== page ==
Browsing by Subject "commercial law"

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  • Helwegen, Wim (2013)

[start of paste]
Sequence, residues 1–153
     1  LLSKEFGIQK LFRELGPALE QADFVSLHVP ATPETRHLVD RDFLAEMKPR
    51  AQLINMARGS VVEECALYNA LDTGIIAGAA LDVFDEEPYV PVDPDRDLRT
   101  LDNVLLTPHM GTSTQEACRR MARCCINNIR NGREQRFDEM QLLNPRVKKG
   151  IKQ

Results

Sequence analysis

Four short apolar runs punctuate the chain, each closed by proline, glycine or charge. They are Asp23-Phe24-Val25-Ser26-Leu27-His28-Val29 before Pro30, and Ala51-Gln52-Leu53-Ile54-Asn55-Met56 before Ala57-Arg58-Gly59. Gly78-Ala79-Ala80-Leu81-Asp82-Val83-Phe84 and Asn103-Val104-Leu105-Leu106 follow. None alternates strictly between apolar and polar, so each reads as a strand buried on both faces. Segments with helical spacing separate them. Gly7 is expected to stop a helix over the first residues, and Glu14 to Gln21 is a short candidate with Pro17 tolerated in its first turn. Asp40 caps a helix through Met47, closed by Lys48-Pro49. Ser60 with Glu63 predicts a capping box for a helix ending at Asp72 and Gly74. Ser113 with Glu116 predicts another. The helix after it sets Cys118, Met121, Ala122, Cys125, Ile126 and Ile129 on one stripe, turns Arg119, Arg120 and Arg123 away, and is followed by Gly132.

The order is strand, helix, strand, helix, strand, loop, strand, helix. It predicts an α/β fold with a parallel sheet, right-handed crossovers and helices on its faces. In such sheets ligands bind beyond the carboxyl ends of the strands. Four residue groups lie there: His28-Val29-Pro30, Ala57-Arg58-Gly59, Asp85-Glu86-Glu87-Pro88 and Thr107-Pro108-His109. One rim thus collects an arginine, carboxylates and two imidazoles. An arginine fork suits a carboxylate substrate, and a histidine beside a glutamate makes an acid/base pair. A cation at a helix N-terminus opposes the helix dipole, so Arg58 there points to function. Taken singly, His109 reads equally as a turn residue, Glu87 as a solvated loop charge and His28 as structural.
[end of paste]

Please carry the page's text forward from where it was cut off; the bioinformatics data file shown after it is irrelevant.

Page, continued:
Experiences from ICT and biotechnology have shown that the current patent system has increasing difficulties with the numbers and complexity of patent applications. As a result, the patent system, which ultimate goal is to promote technological innovation and to reward the inventors, has been the subject of increasing criticism. Despite being in an early stage of development, nanotechnology is already the subject of a high amount of patents, and as noted by the European Parliament, the current nanotechnology patent landscape is not sufficiently transparent and general reforms of the patent system are needed. Reforming the patent system is a challenging and delicate task that requires a precise study of the various differing interests that need to be balanced. As part of the next generation of enabling technologies, the technological properties of nanotechnology as well as the properties of the nanotechnology industry are a likely and important factor in the debate on the reform of the patent system. Because nanotechnology is one of the most promising and most far reaching technologies of this age, the debate on reforming the patent system would not be complete without taking into regard the effects of the patent system on research and development in nanotechnology. The dissertation studies the patentability of nanotechnology subject matter, the effects of the external patentability requirements on nanotechnology research and development and explores the thresholds for patentability of nanotechnology in the light of the established practice and whether or not this requires exceptions to be made. Given the scarcity of existing studies, case law, and thus, theories, surrounding the patents in the nanotechnology sector, the methodological approach followed in this study will be mainly inductive. The context within which the materials will be discussed consists of developments that have occurred the ICT industry and the biotechnology industry. The study shows that although a technology-specific patent system has obvious advantages in theory, the difficulties in the practical implementation of such a system, as well as the direction of science and technology, indicate that a one-size fits all system is to be preferred. Nevertheless, it is advised to change several aspects of the current system in order to increase the value of patents and the efficiency of the entire system for the public as well as inventors. The study recommends, inter alia, measures to increase the efficiency at the patent office, a redefining of the research exemption and the introduction of a grace period in Europe.